A Capehart Scatchard Blog

How to Apply Offer of Judgment Rule in an Underinsured Motorist Case

By on February 23, 2018 in Litigation with 0 Comments

Plaintiff Sharon Seamon filed a lawsuit against her insurance company State Farm Insurance Company for underinsured motorist benefits (“UIM”) for injuries she suffered in an automobile accident. At trial, the jury awarded her $375,733.36 for her injuries. The issues in Seamon v. State Farm Insurance Co., 2017 N.J. Super. Unpub. LEXIS 3069 (App. Div. Dec. 14, 2017), were whether the trial court should mold the verdict to reflect State Farm’s UIM policy limits of $100,000, in light of plaintiff’s bad faith claim against State Farm for its refusal to settle her case within its policy limits and whether the plaintiff is entitled to be paid her attorney’s fees in light of her $85,000 offer of judgment.

In Seamon, plaintiff settled with the other driver for his $15,000 policy limits and then filed a UIM claim with State Farm. The claim did not settle and, hence, plaintiff filed this lawsuit against State Farm. Utilizing the Offer of Judgment court rules, R. 4:58-1 to 6, each party filed an offer to take judgment in the case. State Farm filed an offer to take judgment in the amount of $30,000 and plaintiff filed an offer to take judgment in the amount of $85,000. Pursuant to the Offer of Judgment rule, depending on the verdict, a party filing an offer of judgment may be entitled to an award of attorney’s fees.

Neither side accepted the other’s offer of judgment. The plaintiff’s case proceeded to trial and was decided by a jury, who awarded her $375,733.36 in damages. The judge molded the verdict to reflect the underlying tortfeasor’s policy of $15,000 and entered judgment in the amount of $360,000 plus interest.

At that point, State Farm filed a motion to mold the verdict to reflect its policy limits of $100,000 (asking that the judgment be reduced to $85,000). Plaintiff filed a motion to amend the complaint to add a bad faith claim against State Farm and asked for counsel fees under the Offer of Judgment rule. State Farm contended that plaintiff’s offer of judgment must be compared to the judgment after molding which, thus, would defeat her right to obtain fees under the Rule. (To recover fees, the verdict would need to be 120% of the offer or more.) Although State Farm opposed the plaintiff’s motion to assert a bad faith claim, it conceded that plaintiff did have the right to file a new complaint asserting bad faith against State Farm.

At the trial court level, while denying the plaintiff’s motion to amend to assert a bad faith claim against State Farm, the trial court judge also held that he had discretion not to mold the verdict. Because he found that State Farm engaged in a “scorched earth” approach to settlement, he refused to mold the verdict to $85,000 and awarded attorney’s fees to plaintiff, based upon the non-molded verdict. The trial court awarded the plaintiff $37,500 in fees.

State Farm appealed both rulings.

First, as to the issue of molding, the Appellate Division reversed the trial court’s decision. It held that, based upon prior case law, the trial court was required to mold the verdict to reflect the plaintiff’s UIM policy limits. The trial court did not have discretion as to whether or not to mold the verdict. Further, as for the bad faith issue, the Court found that the trial court should not have decided this issue “without requiring plaintiff to file the complaint and without giving both sides a full and fair opportunity to litigate that issue.”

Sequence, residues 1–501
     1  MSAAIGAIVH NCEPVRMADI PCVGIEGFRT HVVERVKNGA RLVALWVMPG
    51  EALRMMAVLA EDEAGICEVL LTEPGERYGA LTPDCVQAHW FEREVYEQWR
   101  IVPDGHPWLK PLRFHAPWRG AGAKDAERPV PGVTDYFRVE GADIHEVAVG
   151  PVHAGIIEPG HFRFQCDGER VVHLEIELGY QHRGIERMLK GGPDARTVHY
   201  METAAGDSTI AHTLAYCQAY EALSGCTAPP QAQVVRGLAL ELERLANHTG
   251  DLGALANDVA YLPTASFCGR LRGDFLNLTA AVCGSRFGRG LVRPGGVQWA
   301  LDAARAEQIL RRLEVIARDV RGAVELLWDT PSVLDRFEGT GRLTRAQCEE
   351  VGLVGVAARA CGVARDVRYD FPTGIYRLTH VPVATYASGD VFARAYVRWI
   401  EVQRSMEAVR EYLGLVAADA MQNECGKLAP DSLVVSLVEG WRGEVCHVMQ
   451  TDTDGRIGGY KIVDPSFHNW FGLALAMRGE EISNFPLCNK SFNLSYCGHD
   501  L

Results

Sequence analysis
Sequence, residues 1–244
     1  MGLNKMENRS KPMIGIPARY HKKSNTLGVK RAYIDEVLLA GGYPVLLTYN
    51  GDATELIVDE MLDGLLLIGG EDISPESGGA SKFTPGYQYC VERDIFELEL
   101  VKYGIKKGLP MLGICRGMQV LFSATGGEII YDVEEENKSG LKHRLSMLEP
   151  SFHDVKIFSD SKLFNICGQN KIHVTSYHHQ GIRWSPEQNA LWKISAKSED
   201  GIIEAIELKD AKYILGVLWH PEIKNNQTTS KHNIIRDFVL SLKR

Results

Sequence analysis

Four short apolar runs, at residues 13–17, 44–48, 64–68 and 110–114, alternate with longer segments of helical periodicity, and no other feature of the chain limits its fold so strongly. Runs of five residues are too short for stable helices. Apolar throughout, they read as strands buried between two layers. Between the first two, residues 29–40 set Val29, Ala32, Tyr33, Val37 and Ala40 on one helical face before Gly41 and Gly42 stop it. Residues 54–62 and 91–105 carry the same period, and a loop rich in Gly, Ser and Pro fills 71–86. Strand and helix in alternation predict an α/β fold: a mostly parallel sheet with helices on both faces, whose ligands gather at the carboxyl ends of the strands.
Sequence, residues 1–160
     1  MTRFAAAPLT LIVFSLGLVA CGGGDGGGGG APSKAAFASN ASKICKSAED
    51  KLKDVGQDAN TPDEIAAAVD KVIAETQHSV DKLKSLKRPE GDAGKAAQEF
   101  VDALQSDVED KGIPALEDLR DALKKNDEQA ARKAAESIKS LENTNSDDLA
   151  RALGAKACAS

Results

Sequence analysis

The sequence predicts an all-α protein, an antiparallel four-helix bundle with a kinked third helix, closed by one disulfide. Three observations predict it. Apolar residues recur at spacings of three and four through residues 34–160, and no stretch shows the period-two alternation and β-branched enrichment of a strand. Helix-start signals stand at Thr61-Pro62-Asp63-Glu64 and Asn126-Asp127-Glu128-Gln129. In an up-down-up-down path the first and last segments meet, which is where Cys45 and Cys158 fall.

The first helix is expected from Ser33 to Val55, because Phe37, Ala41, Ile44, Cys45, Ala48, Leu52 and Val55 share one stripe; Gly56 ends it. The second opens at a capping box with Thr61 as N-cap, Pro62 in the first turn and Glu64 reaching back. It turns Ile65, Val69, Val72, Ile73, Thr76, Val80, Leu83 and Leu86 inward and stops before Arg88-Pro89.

However, the Appellate Division agreed with the trial court as to the plaintiff’s entitlement to attorney’s fees under the Offer of Judgment rule. The Court noted that the Offer of Judgment rule, R. 4:58-2(b), was amended as of September 1, 2016, to state that in an uninsured or underinsured motorist case, in applying the rule,  the judgment should be molded only to adjust it for any comparative negligence of the plaintiff.

This amendment was enacted to address an ambiguity in the Offer of Judgment rule in a UM/UIM case.  Under the old version of the rule, it was not clear whether the jury’s verdict or the molded judgment was the trigger for sanctions. The amended version of the rule made clear that the right to relief would be based upon the monetary award by the jury or non-jury verdict, without first molding to reflect the plaintiff’s policy limits.

Even though this rule went into effect after the verdict was entered in this case, the Appellate Division found that the new rule applied because it was “curative” in nature and reflected a clarification of the old rule. Under the case law, “curative acts” can be applied retroactively where “they are designed to remedy a perceived imperfection in or misapplication of a statute and ‘not intended to alter the intended scope or purposes of the original act.’”

Thus, the Appellate Division agreed with the trial court as to the plaintiff’s right to a fee award, although on a different basis as found by the trial court. However, it found that the plaintiff’s fee application was deficient. It did not contain the information required to support a fee award. Hence, the Court remanded the matter back to the trial court for the plaintiff to submit a conforming fee application, upon which the trial court can make the appropriate findings in determining the award.



Betsy G. Ramos

About the Author

About the Author:

Ms. Ramos is an Executive Committee Member and Co-Chair of the Litigation Department at Capehart Scatchard, P.A. located in Mount Laurel, New Jersey. She is an experienced litigator with over 25 years experience handling diverse matters. Practice areas include tort defense, business litigation, estate litigation, tort claims and civil rights defense, construction litigation, insurance coverage, employment litigation, shareholder disputes, and general litigation.


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